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    1.2.1 • Public • Published


    Typed emitter providing fully typed methods of the base EventEmitter class


    To install run npm i @jpbberry/typed-emitter


    To use the typed-emitter, you can do so like

    import { EventEmitter } from '@jpbberry/typed-emitter'
    // a type
    interface MyInterface {
      hello: boolean
    // a class that you want to have typed emitters for
    class MyClass extends EventEmitter<{ hello: MyInterface }> { // generic type has the map of events
      // this will then make all the methods have proper typings for the hello event and it's type
      run () {
        this.emit('hello', /* Will be typed as MyInterface */ { hello: true })
        // this will error for example
        this.emit('hello', { hello: 'world!' })
    const my = new MyClass()
    my.on('hello', (data) => { // will be typed as MyInterface
      data.hello // typed as boolean

    Adding multiple arguments

    You can add multiple arguments by defining the property of the event to be an array, this will be spread as properties for the listener function etc.

    For example

    class MyClass extends EventEmitter<{ hello: [boolean, string] }> {
      run () {
        this.emit('hello', true, 'world!') // now the passed data will boolean, string
    const my = new MyClass()
    my.on('hello', (one, two) => {
      one // boolean
      two // string

    Defining an array as something passed to the event just has to be a nested array like { hello: [string[]] }


    As this simply amazing new TypeScript feature begins to gain traction, this library now has support for decorators

    Our decorators are @Event and @Once

    You use these by simply defining them in an extending EventEmitter class and passing your event name to them like @Event('message')

    Here's an example

    import { EventEmitter, Event, Once } from '@jpbberry/typed-emitter'
    class MyClass extends EventEmitter<{ MESSAGE: string }> {
      // You can now simply just use the event decorator above any method you want ran on that event
      @Event('MESSAGE') // Listening to the event MESSAGE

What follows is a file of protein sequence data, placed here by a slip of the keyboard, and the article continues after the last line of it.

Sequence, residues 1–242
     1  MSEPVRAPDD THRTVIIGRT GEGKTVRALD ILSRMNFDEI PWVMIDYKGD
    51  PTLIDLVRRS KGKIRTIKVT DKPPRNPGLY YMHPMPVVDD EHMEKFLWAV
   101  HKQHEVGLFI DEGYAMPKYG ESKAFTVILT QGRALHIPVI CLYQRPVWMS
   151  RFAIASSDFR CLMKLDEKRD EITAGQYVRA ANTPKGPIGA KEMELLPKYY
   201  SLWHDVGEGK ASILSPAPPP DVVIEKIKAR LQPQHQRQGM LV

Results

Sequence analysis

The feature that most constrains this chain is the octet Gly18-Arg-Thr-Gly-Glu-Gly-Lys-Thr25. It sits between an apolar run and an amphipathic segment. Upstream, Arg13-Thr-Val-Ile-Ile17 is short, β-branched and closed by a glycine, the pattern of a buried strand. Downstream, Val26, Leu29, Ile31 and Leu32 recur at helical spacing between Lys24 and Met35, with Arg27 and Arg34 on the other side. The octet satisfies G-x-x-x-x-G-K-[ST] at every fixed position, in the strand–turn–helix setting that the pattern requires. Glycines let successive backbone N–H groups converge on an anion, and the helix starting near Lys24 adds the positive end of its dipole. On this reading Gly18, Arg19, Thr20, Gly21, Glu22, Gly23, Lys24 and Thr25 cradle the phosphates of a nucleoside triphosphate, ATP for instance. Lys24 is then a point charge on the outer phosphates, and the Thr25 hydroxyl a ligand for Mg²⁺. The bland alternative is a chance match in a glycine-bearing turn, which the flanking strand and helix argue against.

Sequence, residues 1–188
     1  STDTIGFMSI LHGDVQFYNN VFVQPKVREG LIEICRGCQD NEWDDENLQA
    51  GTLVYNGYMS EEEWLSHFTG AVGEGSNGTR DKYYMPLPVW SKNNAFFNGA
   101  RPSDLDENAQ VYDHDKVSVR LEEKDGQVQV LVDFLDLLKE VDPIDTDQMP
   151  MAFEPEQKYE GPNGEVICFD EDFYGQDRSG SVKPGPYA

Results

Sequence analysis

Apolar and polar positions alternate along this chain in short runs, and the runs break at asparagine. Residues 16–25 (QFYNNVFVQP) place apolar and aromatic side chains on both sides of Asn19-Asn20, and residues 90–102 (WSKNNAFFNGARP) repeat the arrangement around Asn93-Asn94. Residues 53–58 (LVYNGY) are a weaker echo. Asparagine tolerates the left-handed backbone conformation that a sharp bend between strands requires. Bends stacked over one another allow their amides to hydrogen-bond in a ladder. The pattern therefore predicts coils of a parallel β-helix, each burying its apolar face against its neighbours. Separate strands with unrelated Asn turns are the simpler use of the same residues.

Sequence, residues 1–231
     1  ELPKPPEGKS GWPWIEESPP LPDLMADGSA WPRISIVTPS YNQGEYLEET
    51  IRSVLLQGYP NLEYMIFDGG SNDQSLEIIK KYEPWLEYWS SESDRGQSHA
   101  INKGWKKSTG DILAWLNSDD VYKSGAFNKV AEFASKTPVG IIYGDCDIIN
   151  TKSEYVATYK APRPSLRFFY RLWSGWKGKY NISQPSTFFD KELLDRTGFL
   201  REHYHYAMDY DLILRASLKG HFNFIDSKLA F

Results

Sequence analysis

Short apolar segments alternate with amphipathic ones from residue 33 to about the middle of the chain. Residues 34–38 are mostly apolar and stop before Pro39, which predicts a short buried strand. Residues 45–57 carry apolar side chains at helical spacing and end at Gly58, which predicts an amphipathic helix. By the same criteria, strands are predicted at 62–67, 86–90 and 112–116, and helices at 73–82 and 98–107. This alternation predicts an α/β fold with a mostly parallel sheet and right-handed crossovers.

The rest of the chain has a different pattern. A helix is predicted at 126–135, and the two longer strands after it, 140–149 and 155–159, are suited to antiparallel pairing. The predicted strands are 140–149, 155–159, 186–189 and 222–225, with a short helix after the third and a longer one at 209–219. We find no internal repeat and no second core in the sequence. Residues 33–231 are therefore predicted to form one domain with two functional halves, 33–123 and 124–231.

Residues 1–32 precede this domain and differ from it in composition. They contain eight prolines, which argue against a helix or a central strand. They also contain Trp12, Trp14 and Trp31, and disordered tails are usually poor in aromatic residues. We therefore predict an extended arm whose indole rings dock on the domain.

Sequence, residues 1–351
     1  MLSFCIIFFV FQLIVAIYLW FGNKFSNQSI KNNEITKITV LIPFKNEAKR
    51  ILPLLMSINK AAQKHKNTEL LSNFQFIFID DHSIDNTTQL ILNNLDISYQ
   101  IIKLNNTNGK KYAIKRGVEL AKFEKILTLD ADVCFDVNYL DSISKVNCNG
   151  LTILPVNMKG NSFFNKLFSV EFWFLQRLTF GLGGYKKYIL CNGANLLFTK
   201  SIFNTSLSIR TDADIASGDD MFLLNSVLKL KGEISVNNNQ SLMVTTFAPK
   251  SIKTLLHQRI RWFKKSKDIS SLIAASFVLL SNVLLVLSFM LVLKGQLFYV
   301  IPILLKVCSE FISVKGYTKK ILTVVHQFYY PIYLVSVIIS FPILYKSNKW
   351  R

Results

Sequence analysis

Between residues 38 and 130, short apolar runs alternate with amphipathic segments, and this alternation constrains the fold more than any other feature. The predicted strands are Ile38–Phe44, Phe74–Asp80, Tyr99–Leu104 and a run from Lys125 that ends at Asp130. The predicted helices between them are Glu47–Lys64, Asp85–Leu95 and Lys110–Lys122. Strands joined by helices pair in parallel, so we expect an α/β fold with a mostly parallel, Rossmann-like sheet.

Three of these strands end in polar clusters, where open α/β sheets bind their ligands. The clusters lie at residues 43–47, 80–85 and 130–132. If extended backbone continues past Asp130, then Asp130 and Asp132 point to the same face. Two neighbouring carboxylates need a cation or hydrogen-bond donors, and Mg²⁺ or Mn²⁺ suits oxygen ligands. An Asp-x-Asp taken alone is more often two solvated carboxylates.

receivedMessage (message: string) { // the name of the method does NOT matter at all
        console.log(message) // logs the paramater!
    const my = new MyClass()
    my.emit('MESSAGE', 'Hello world!') // logs "Hello world!"

    Note you must enable experimentalDecorators in your tsconfig for these to work


    This library also comes with an ExtendedEmitter for when a developer has made an emitter unavailable to you to extend / overwrite.

    It allows you to use the decorators and all the features of the typed emitter while not having full control of the origin emitter

    For example

    import { ExtendedEmitter } from '@jpbberry/typed-emitter'
    class MyOverrides extends ExtendedEmitter {
      @Event('message') // same concept as before!
      static onMessage (message: Message) { // make sure all of your methods are static, we aren't instantiating anything
        message.channel.send('Hello world!')
    // Now we just instantiate with the previous emitter
    const client = new Client() // this uses the default emitter
    MyOverrides.add(client) // this adds all of the events that were previously defined via the decorators

    Instiated ExtendedEmitter

    Especially useful when passing for example a manager to your event emitter, since you can't do this too well in static classes

    A real usecase:

    import { ExtendedEmitter } from '@jpbberry/typed-emitter'
    class MyOverrides extends ExtendedEmitter {
      // since it's instantiated you can pass whatever you want to the constructor and use it elsewhere
      constructor (private client: Client) {
      onMessage(msg: Message) { // make sure NOT to make this method static since you're instantiating
        if (msg.content === 'hello') {
          client.doSomething('hi!') // you'll have access to this client now
    const client = new Client()
    const overrides = new MyOverrides(client) // pass your options!
    overrides.add(client) // add the new overrides

    You can also use the applyToEmitter function if you want to use your own emitting options.


    npm i @jpbberry/typed-emitter

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